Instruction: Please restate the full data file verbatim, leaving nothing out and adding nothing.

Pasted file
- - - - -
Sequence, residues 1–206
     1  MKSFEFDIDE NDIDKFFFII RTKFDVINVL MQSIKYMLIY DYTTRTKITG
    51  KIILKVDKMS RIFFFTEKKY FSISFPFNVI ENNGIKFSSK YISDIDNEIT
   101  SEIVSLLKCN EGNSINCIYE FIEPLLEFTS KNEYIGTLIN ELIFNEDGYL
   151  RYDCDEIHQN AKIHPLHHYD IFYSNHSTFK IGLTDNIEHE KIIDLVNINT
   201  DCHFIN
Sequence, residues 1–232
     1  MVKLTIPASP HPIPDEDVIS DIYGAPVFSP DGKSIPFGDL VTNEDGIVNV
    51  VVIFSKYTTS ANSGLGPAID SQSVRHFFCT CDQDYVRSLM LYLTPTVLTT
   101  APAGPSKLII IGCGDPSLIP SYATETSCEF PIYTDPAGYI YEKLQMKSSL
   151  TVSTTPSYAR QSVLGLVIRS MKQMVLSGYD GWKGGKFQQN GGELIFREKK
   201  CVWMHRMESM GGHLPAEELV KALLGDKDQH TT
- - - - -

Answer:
Sequence, residues 1–206
     1  MKSFEFDIDE NDIDKFFFII RTKFDVINVL MQSIKYMLIY DYTTRTKITG
    51  KIILKVDKMS RIFFFTEKKY FSISFPFNVI ENNGIKFSSK YISDIDNEIT
   101  SEIVSLLKCN EGNSINCIYE FIEPLLEFTS KNEYIGTLIN ELIFNEDGYL
   151  RYDCDEIHQN AKIHPLHHYD IFYSNHSTFK IGLTDNIEHE KIIDLVNINT
   201  DCHFIN
Sequence, residues 1–232
     1  MVKLTIPASP HPIPDEDVIS DIYGAPVFSP DGKSIPFGDL VTNEDGIVNV
    51  VVIFSKYTTS ANSGLGPAID SQSVRHFFCT CDQDYVRSLM LYLTPTVLTT
   101  APAGPSKLII IGCGDPSLIP SYATETSCEF PIYTDPAGYI YEKLQMKSSL
   151  TVSTTPSYAR QSVLGLVIRS MKQMVLSGYD GWKGGKFQQN GGELIFREKK
   201  CVWMHRMESM GGHLPAEELV KALLGDKDQH TT